• Live a balanced life – learn some and think some and draw and paint and sing and
    • dance and play and work every day some.
    • Take a nap every afternoon .
    • When you go out into the world, watch out for traffic, hold hands and stick together.
    • Be aware of wonder.
    Scratch and pair programming
  • 47. Advantages
    • More discipline
    • Better code (less errors, easier to understand)
    • Flexible software development
    • Knowledge interchange between the partners
    • Pleasant atmosphere
    • Mutual ownership of the sources
    • Supervision
    • Cohesion in the team of two (in the pair participants became more familiar)
    • Pair is less sensitive on disturbances from environment
    • We need less computers (PC-s or workstations )
    Scratch and pair programming
  • 48. Disadvantages
    • Giving instructions to the less experienced is tiring
    • Experienced programmers rather work independently and they fill uncomfortable in the pair
    • Experienced programmer produces code without (or with less) bugs and it is purposeless to be paired
    • Is difficult to compare pair with solos empirically
    • Differences in the programming styles cause conflicts
    • Par could program less hour/day in comparison with solos which influence the deadline
    • In the SW enterprises where programmers work at home PP is difficult to realize
    Scratch and pair programming
  • 49. Scratch and pair programming
  • 50. Experience (1)– novices
    • At Faculty of Education:
      • An Introduction to programming
      • (1 year study:
      • Two - subject teachers: Computer science and *)
    • Background knowledge:
      • From flow-chars to working program e s
      • The last month in the semester
    Scratch and pair programming
  • 51. Experience – time table
    • Students are sent URL with longer test on programming
    • Homework, reading the paper: All I Really Need to Know I Learned in Kindergarten
    • 30 min discussion on the rules in the pair
    • Divide into pairs, who chose their names
    • Each pair is randomly given programming exercise
    • Pairs are presenting their programs and presenting their experience with pro et contra debate
    • Students fulfill web-poll
    Scratch and pair programming
  • 52. Web-poll and test
    • Time framework of PP?
    • Which positive experience with PP would you put out?
    • Which negative experience with PP would you put out?
    • Please, take few minutes to solve the web adaptive test in Moodle environment . Is you result better/equal/ worse then the former, wider test?
    Scratch and pair programming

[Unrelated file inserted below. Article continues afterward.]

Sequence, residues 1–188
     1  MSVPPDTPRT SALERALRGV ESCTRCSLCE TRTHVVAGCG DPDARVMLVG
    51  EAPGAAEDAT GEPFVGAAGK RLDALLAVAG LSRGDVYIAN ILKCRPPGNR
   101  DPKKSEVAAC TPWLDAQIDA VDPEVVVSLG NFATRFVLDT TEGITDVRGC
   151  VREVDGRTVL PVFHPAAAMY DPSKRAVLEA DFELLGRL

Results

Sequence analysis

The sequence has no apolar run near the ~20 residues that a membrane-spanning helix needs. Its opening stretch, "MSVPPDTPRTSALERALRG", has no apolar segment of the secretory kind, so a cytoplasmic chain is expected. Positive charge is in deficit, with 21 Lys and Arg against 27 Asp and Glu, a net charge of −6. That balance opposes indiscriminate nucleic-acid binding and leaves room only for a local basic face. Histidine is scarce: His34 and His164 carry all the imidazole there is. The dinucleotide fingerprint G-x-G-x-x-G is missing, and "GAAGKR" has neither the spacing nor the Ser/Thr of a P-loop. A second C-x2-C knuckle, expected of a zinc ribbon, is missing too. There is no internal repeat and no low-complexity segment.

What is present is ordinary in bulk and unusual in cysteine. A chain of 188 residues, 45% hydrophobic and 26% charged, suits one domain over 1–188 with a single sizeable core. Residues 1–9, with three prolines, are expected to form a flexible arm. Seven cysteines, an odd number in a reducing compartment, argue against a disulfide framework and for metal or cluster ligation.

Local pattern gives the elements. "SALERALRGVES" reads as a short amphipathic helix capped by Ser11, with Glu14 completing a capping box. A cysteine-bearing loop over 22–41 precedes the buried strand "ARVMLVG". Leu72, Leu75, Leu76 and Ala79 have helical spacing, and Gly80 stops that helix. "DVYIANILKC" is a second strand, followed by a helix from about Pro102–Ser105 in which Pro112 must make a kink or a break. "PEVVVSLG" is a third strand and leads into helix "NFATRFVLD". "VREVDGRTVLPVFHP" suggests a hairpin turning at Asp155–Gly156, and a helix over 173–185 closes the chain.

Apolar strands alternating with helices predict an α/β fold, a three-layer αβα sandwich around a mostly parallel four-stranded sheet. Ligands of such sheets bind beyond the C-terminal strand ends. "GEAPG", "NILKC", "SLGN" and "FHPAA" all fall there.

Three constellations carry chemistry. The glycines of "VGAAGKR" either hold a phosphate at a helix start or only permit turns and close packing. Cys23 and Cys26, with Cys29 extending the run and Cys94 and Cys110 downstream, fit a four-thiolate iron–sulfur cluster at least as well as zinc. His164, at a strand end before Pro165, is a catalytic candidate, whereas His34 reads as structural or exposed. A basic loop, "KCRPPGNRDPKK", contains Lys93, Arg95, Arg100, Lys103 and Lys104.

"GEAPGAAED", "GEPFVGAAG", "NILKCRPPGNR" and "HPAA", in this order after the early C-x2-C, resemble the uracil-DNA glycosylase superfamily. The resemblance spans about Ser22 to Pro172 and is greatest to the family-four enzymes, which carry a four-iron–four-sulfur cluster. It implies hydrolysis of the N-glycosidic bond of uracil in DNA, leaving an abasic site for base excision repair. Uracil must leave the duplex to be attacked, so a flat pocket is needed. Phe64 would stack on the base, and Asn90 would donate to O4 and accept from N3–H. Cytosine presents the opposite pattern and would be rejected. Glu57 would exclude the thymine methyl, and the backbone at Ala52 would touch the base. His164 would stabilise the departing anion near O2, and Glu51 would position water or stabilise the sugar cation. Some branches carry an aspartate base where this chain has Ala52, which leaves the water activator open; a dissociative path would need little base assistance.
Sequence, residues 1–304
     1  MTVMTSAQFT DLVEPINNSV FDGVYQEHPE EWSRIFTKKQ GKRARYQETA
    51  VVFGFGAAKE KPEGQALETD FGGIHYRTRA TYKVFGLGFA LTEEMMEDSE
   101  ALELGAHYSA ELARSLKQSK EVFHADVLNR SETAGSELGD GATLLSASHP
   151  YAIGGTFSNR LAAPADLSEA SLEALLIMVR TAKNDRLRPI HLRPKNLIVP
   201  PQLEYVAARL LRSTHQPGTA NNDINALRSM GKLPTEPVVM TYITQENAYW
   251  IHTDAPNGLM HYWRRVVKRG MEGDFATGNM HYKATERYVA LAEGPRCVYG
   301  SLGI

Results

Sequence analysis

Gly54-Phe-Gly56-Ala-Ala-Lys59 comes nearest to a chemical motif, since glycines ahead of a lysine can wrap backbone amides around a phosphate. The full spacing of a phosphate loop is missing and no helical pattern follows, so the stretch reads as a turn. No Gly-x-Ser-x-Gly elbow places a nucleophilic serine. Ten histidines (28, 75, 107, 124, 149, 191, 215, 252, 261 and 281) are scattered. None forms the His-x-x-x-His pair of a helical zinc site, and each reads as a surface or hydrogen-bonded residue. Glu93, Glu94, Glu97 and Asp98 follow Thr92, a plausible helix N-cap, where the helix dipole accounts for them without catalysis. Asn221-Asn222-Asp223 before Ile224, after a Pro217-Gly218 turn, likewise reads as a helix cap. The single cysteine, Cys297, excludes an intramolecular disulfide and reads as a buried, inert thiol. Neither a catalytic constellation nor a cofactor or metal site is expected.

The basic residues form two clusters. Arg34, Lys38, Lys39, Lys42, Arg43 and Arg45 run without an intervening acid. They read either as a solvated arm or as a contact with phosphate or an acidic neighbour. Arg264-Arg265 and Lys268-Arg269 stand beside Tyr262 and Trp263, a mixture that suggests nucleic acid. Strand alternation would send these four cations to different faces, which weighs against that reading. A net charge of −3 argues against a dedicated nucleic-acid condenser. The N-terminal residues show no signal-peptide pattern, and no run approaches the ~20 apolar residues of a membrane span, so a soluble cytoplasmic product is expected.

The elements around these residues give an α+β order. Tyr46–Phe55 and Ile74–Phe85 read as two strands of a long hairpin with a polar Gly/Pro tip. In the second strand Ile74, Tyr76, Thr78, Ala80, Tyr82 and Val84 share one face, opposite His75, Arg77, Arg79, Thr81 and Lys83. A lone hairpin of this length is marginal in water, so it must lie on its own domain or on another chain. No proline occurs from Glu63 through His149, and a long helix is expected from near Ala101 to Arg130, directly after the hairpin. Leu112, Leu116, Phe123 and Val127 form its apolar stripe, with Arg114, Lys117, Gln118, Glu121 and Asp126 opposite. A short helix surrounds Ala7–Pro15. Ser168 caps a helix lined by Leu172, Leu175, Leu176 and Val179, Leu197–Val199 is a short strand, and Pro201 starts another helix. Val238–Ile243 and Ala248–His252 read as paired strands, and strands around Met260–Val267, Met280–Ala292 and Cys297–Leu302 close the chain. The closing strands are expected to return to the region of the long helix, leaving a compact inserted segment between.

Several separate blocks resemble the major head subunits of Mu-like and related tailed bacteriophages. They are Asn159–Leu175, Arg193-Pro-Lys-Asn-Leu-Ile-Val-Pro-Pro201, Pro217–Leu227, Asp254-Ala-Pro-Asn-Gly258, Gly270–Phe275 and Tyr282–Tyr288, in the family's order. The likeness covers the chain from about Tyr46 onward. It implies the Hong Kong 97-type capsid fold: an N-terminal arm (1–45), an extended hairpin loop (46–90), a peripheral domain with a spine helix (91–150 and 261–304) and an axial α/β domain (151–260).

• 53. Scratch and pair programming
  • 54. Scratch and pair programming
  • 55. Scratch and pair programming
  • 56. Web poll results
    • 3/4 and even more said that the experience was positive
    • 9 of 16 were more or equally successful in solving the second (quick) test
    • Suitable for novice programmers
    • We continue d with the PP practice
    Scratch and pair programming
  • 57. Experience (2)
    • course Computer science practice – generation started 200 7 /0 8
    • We exclude the influence of the teacher
    • The same learning materials as in the Experience (1)
    Scratch and pair programming
  • 58. Experience ( 3 )
    • Course Programming
    • contents : dynamical structures (pointers) in Pascal
    • 2 school hours 2 exercises
    • 2 groups: PP, collective solving the examples
    • Exercises of different level of difficulty
    • Pairs need less time for adjustment
    • Pairs achieved better results then the group, which collectively solved the examples
    Scratch and pair programming
  • 59. Experience ( 4)
    • Course Programming
    • Contents: programming language C
    • 2 groups : opposite with experience 2
    • Knowledge assessment with short test
    Scratch and pair programming
  • 60. 4 years experience PP
    • 8 2 % had positive experience with PP or they founded PP good or excellent
    • 63 % of the students who participated the PP experiment showed better results on the testing after the PP
      • which could mean that better understanding of programming concepts was achieved
    Scratch and pair programming
  • 61. Conclusion
    • Modern form of collaborative work
    • Knowledge improvement
    • We will continue with the PP and Scratch
    Scratch and pair programming
  • 62. Scratch and pair programming